|Mcnear, David - UNIV DELAWARE, NEWARK|
|Sparks, Donald - UNIV DELAWARE, NEWARK|
Submitted to: World Congress of Soil Science
Publication Type: Abstract Only
Publication Acceptance Date: February 15, 2006
Publication Date: July 10, 2006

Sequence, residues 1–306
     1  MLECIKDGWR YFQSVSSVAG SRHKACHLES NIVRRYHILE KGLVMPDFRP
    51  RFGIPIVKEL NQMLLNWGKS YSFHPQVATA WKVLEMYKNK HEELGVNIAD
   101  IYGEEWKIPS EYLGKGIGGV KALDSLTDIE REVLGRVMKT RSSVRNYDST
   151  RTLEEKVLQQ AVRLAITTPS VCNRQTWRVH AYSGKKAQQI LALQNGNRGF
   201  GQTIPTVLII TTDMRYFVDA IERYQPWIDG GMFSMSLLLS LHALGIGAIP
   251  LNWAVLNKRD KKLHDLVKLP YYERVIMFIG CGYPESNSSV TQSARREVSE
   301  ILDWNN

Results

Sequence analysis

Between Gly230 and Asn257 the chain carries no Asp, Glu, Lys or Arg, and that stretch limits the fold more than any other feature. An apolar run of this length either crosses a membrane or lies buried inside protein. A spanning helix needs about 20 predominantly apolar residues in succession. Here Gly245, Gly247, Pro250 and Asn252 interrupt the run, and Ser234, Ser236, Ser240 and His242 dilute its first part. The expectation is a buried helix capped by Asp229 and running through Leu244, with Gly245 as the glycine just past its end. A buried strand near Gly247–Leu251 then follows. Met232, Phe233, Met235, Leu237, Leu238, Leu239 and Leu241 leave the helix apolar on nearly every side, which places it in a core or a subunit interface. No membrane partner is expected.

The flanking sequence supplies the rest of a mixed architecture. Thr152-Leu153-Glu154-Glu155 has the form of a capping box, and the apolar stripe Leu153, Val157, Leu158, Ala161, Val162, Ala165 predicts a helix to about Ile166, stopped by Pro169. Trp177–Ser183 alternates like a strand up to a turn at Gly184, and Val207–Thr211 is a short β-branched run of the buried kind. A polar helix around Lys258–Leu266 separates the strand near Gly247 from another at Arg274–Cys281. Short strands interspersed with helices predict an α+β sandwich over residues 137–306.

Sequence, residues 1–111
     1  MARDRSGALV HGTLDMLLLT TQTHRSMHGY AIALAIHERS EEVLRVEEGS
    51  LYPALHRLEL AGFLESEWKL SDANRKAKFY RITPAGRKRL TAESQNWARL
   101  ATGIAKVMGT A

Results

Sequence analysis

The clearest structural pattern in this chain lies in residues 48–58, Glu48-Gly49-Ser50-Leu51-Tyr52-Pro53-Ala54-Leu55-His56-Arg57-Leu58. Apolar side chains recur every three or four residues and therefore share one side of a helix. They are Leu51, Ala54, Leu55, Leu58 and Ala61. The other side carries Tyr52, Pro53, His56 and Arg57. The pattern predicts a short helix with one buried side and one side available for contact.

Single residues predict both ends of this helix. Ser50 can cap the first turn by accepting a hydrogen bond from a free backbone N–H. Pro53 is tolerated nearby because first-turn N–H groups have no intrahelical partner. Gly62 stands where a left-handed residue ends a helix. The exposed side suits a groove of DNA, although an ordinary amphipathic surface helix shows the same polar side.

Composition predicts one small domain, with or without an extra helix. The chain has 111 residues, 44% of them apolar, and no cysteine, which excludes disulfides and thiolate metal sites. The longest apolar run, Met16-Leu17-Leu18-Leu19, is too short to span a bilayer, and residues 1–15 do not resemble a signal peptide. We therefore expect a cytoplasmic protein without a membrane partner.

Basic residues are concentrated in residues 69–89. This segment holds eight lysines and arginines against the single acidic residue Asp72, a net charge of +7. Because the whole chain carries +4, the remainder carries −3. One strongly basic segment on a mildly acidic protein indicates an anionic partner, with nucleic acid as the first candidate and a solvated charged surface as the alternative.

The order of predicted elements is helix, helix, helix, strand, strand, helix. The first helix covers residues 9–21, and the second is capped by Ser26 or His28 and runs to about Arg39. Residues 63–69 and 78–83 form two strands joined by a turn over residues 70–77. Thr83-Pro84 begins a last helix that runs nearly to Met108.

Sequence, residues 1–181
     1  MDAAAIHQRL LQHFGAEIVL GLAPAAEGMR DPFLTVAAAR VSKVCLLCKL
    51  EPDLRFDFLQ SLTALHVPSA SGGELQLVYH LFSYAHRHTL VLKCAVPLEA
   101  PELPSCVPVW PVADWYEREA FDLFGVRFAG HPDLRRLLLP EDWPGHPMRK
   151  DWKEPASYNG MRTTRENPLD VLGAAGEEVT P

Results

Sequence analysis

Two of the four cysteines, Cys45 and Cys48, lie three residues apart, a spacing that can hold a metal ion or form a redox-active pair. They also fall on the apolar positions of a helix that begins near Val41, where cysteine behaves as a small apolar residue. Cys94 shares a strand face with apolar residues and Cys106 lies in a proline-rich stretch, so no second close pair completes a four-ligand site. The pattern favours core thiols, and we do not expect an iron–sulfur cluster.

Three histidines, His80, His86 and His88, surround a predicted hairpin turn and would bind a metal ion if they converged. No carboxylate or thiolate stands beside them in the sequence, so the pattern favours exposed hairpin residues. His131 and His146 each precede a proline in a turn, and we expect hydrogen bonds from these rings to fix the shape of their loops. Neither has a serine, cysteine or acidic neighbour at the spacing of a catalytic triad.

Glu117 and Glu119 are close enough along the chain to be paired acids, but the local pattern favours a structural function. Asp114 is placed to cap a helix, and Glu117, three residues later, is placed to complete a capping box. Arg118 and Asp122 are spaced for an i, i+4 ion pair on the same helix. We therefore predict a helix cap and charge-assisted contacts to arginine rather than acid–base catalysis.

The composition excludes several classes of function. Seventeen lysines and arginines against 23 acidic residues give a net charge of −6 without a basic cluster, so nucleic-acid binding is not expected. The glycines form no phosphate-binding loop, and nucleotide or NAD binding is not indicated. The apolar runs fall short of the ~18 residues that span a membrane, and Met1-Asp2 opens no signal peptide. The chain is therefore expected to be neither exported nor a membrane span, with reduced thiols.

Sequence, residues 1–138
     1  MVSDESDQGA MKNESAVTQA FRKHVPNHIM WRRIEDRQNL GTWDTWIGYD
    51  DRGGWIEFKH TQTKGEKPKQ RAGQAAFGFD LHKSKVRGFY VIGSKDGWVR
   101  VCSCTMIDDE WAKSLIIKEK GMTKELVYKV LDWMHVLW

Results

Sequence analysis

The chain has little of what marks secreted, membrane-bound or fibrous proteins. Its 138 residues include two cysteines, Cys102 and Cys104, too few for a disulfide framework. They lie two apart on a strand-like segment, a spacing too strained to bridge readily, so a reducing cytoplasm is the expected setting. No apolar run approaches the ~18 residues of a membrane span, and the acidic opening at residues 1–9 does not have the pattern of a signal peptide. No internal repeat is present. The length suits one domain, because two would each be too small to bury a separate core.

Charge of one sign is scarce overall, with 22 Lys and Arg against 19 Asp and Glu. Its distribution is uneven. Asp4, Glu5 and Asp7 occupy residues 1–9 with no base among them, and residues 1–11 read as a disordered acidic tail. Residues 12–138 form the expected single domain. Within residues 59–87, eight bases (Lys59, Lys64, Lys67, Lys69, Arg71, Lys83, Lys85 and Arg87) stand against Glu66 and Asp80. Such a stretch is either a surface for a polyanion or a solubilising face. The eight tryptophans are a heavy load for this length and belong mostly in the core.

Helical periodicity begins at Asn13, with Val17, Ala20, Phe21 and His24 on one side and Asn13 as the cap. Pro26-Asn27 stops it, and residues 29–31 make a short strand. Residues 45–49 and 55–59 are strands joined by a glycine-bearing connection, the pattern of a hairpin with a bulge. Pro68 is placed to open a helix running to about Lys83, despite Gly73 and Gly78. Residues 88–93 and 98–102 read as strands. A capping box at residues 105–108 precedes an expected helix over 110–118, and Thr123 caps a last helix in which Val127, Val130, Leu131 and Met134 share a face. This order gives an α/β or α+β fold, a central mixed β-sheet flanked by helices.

Citation: Mcnear, D.H., Chaney, R.L., Sparks, D.L. 2006. The influence of soil ni speciation on the phytoremediation potential of soils surrounding an historic Ni refinery at Port Colborne, Ontario, Canada [abstract]. World Congress of Soil Science. Abstract 17158. Technical Abstract: We investigated the speciation of Ni in organic and mineral smelter contaminated soils that had been previously treated with lime and evaluated the effect soil type and treatment on Ni speciation and plant availability. Using a combination of macroscopic and microscopic techniques including SEM, and micro-x-ray absorption fine structure (XAFS) and x-ray fluorescence (XRF) spectroscopies, we found that NiO dominated the Ni speciation in both soils; with Ni layered double hydroxide (LDH) precipitates, and organically complexed Ni making up the latter fractions in the loam and muck soils respectively. Metal hyperaccumulating plants have been proposed as a remediation method for the large area of enriched soils around the refinery. Therefore, using the Ni hyperaccumulator Alyssum murale, we examined how soil Ni speciation influenced Ni availability and the subsequent mechanism of metal acquisition, translocation and storage. Using micro-XRF, micro-XAFS and micro-tomography we found that Ni is present throughout the leaf and stem tissues and co-localized with manganese at the base of the leaf trichomes. Fluorescence tomography verified this co-localization and revealed the enrichment of the dermal and vascular tissues. Absorption edge tomography of freshly removed leaves showed that the pattern of Ni compartmentalization was consistent throughout the entire leaf with an apparent concentration of Ni at the leaf tip. Micro-XAFS spectra from freshly harvested leaves and stems show that complexation with organic acids in the plant sap and leaf cell tissues are responsible for transport and storage of Ni. These results show that A. murale is capable of removing and concentrating Ni from these soils, however, the persistence of the relatively insoluble NiO particles may limit the effectiveness of this technique to fully remediate the site. Understanding how soil metal speciation affects plant metal availability and the mechanisms of metal accumulation and compartmentalization will help when making decisions as to how to remediate sites enriched with heavy metals.